I’m glad it’s been so long since I read it, because I had honestly forgotten completely what happened at the end and I was shocked and surprised all over again. The writing was also brilliant, and once you get used to the prose, it’s unique but really enjoyable to read. At first I wasn’t sure if I’d get back into it, and I’m glad I read Family of Liars directly afterwards while I was still in the same mood.

I do have mixed feelings about the family themselves and the characters, but I did still enjoy reading their story. Even if I didn’t like the Liars themselves, the way they were written about was so clever, powerful and emotional.

We are cracked and broken.

Overall, this might not have been quite as enjoyable on a 6 years later re-read, but I did still really like it and I’m glad I picked it up again!

★★★★
4 out of 5 stars

-Beth

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Review: Good Intentions by Kasim Ali

Goodreads | Waterstones

It’s the countdown to midnight on New Year’s Eve and Nur is steeling himself to tell his parents that he’s seeing someone. A young British Pakistani man, Nur has spent years omitting details about his personal life to maintain his image as the golden eldest child. And it’s come at a cost.
Once, Nur was a restless and insecure college student, struggling to present himself after being transplanted from his hometown with only the vaguest sense of ambition. At a packed house party, he meets Yasmina, a beautiful and self-possessed aspiring journalist. They start a conversation–first awkward, then absorbing–that grabs Nur’s attention like never before. And as their relationship develops, moving from libraries and cramped coffee shops to an apartment they share together, so too does Nur’s self-destruction. He falls deeper into traps of his own making, attempting to please both Yasmina and his family until he no longer has a choice. He must finally be honest and reveal to those who raised him the truth he’s kept hidden: Yasmina is Black, and he loves her.

Thank you to the publishers, Harper Collins, for sending me a copy of this book in exchange for an honest review.

I thought I’d like this book, but I didn’t quite expect to love it as much as I did. I picked this up because it reminded me a little of The Big Sick, which I really enjoyed. This one follows Nur as he struggles to face his parents about his relationship with Yasmina.

This one discusses culture, religion and race in a lot of depth, which was super interesting if a little difficult to read about. It flicks between Nur and Yasmina meeting to present day, where Nur has finally faced his parents and told them about his relationship. Even though we skip months of time in places, I still felt really close to Nur and the other characters.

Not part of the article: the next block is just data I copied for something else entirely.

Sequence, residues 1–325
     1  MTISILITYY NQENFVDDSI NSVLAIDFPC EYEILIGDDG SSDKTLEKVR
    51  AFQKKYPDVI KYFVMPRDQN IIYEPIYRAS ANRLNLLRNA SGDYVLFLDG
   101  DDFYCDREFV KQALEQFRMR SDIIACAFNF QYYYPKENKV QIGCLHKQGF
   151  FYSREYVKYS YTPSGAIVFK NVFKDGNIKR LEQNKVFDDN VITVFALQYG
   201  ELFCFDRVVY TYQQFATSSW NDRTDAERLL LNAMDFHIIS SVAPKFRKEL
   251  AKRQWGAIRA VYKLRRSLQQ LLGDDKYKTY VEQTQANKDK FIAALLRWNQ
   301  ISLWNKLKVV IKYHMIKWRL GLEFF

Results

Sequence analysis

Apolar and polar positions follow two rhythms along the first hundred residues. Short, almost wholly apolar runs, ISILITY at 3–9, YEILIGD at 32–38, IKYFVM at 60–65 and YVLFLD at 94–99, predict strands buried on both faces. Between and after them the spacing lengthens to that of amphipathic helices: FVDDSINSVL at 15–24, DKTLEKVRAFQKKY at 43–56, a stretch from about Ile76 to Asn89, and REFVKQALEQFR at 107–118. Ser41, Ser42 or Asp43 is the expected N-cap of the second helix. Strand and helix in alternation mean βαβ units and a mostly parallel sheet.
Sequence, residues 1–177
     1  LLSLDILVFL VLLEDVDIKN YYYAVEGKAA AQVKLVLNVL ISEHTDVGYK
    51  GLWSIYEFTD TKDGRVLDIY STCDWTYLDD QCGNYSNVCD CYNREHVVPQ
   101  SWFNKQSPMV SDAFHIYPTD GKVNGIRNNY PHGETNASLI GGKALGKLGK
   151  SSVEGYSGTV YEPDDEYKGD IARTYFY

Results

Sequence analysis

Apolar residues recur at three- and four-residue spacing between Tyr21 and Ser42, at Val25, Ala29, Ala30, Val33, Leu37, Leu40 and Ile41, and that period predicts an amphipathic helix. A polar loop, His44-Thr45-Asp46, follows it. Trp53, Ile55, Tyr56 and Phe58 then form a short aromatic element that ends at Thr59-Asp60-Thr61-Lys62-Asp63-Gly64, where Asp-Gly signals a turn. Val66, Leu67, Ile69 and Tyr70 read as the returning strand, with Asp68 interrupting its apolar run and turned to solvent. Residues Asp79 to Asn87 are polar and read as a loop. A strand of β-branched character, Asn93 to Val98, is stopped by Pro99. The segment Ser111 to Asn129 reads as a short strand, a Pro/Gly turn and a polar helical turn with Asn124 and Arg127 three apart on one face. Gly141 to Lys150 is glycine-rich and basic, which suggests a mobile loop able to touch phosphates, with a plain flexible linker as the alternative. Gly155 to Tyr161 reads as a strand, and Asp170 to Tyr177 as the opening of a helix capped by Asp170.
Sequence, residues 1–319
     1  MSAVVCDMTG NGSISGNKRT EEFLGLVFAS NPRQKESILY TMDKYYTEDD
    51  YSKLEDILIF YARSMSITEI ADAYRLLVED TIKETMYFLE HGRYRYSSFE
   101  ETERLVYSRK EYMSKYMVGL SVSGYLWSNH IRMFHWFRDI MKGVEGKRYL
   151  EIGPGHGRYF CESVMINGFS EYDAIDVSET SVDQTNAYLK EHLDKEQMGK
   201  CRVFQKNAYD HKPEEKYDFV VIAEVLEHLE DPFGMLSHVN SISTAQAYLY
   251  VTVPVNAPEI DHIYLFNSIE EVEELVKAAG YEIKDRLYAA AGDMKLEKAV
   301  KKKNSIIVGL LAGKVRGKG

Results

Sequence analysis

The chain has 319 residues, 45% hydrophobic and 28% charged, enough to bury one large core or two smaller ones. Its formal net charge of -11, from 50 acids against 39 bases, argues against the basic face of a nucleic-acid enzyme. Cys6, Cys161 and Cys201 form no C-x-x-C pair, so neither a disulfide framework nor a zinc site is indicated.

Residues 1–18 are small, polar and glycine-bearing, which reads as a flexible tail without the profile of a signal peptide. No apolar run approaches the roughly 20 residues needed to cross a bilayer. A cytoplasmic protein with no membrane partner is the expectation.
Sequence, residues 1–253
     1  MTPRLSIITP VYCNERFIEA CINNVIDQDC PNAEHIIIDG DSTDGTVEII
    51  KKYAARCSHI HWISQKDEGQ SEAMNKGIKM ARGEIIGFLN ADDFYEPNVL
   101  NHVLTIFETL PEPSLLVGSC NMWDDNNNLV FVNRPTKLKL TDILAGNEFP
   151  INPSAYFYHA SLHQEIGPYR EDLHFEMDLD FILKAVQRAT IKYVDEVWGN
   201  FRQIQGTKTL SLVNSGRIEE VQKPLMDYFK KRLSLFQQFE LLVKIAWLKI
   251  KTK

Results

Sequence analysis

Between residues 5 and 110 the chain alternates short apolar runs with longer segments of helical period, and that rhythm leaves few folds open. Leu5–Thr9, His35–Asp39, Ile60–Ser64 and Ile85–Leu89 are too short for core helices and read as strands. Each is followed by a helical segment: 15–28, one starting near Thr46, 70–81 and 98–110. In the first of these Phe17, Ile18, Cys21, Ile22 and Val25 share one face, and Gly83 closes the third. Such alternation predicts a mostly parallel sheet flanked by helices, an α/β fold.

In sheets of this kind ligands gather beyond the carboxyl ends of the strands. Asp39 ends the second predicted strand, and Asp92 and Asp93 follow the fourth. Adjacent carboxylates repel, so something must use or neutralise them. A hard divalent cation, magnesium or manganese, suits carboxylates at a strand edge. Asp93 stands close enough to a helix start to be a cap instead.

Sometimes there is an emptiness inside him so large it would take the entire world to fill. 

Even though Nur makes a lot of questionable and regrettable decisions, I couldn’t help but relate to him on many levels. He suffers with anxiety and panic attacks, and I felt like these were quite emotional moments which I related to on a personal level.

There was a lot of discussions of difficult issues outside of this too, including depression and suicidal thoughts. I would have liked to have seen a discussion of therapy, but I did like the focus on friendships and family relationships. I listened to the audiobook of this one and I really enjoyed it, and it was easy to follow between the changing times and years.

It comes and goes as it pleases, triggered by nothing specific.

I must admit I felt really emotional at the end of this book, which I didn’t expect. I’m not 100 percent sure how I felt about the ending, but I will admit it really gave me a lump in my throat. I really enjoyed it overall and would definitely recommend it if it sounds like something you’d enjoy!

CWs: past self harm, racism, anti-Blackness, colourism, past attempted suicide, panic attacks

★★★★
4 out of 5 stars

-Beth

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Review: Moominsummer Madness (#5) by Tove Jansson

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The Moomins, in case you didn’t know, are kind, philosophical creatures with velvety fur and smooth round snouts, who live in a tall blue house in a beautiful woodland valley beside the sea.
One summer a grumbling volcano causes Moominvalley to flood, forcing the Moomin family to leave their beloved home and find refuge on a floating theatre. When this casts adrift, leaving Moomin, the Snorkmaiden and Little My marooned on land, Moominsummer Madness ensues. Will they all be reunited before the final curtain?

I’ve wanted to read a Moomin book for such a long time, and Courtney bought me this one for Christmas to sink my teeth into! Even though this is the 5th book in the series, she did some research and found this is the best one to start with.